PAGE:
Founded in 2008, AstaGuru is a secure online platform used to conduct auctions in Contemporary and Modern Indian Art, as well as sculptures, antiques, vintage collectibles, miniature paintings, jewellery and much more. They have a rigorous selection process which ensures only the most high-quality works are auctioned. By specialising in Indian Art & Antiques they take away the geographic constraints that buyers may have faced before the art world made the progression into digital. Their aim is to ‘manifest Indian Art globally and create a conductive environment that spurts its growth.’
ArtNet Auction features 24/7 art auctions of modern and contemporary fine art, prints, and photographs by important artists. They cover over 1,700 auction houses and 330,000 artists. All artworks offered on the site have been vetted by experienced specialists. Each auction listing provides comprehensive information about the artwork, including a detailed description, provenance, condition, and art market data to assist you with your decision to bid. In order to bid on an artwork, you must register to become an artnet buyer. To become an approved seller, register an account and submit a seller’s application.
Artsy delivers a well-designed online bidding experience. Collectors can place bids from the web, tablets, or mobile phone, while easily checking on the status of their bids. In addition to their timed online-only auctions, Artsy’s Live Auction allows collectors to browse lots from upcoming live sales, leave max bids, and continue bidding in the live sale. They also provide a consignment service provides auction houses with direct access to collectors who are looking to sell work.
A leading marketplace, that allows one to access unsold lots from auction houses all over the world. With an impressive variety of items from furniture and jewellery, to vintage collectibles, contemporary paintings and even primitive artifacts. Auctionaftersale lets you safely acquire pieces already authenticated by auctioneers. They make the process simple for their users in that you make an offer and they’ll forward it to the owner or dealer to help make the sale.
A leading search engine for art, antiques and collectibles based in Sweden, Barneby’s was launched in 2011 as a tool to help people navigate around the art world. Since then the auction house has expanded to the US, UK, France, Spain and Germany. It is connected to other 2,000 auction houses around the world and especially known for its classic works of art, fashion accessories and antique furniture.
With a mission to provide access to ‘rare and authentic fine art and antiques through a modern online bidding platform,’ Bidsquare was launched in 2014. Since then, it has grown into an active community for auction houses, dealers and collectors alike. Looking to modernise the auction world the platform connects users to a network of premier auction houses and dealers. Bidsquare has become a premier online platform for real time bidding in the field of high quality fine art and antiques, with over $500 million worth of bids place through the platform and with over 100 premier auction houses and dealers.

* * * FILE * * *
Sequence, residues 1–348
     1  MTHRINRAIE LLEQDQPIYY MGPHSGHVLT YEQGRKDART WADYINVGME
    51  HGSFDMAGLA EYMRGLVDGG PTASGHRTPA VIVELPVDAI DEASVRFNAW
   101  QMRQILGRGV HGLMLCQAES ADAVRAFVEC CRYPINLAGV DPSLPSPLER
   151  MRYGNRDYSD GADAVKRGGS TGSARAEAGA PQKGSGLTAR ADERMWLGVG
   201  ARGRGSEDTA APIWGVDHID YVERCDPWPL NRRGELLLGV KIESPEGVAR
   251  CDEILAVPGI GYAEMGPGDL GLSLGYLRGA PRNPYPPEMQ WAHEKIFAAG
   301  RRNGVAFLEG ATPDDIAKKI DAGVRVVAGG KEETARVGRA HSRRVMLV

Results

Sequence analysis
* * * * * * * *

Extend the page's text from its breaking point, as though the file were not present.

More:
One of the world’s largest and oldest auctioneers, Bonham’s was founded in London in 1793 and still stands as a unique and revered auction house that is privately owned. Since its conception Bonham’s has brought its auctions to the digital world, with a host of specialists in fine art, antiques and decorative objects, it is known for offering expert advice and excellent customer service. Matthew Girling, the Chief Executive of the company believes that technology should only be used to amplify the things most integral to the business. 2018 has seen Girling recruit an agency to undertake a “digital transformation” that will take place in the coming years with the aim to make their specialists more easily accessible, including more exciting ways to communicate with them.
Christie’s online auctions offer a range of goods, from fine art, jewellery, watches and collectibles to fine wine. Their platform is accessible from a computer or android, allowing its users to bid from anywhere at any time. For the online bidder Christie’s offers two ways of buying: via the live sales where buyers can either physically participate in the auction or view the proceedings online via a camera and bid, or the second is the online-only sales which do not have a live auctioneer. Christie’s is currently trying to direct its clients toward this kind of bidding.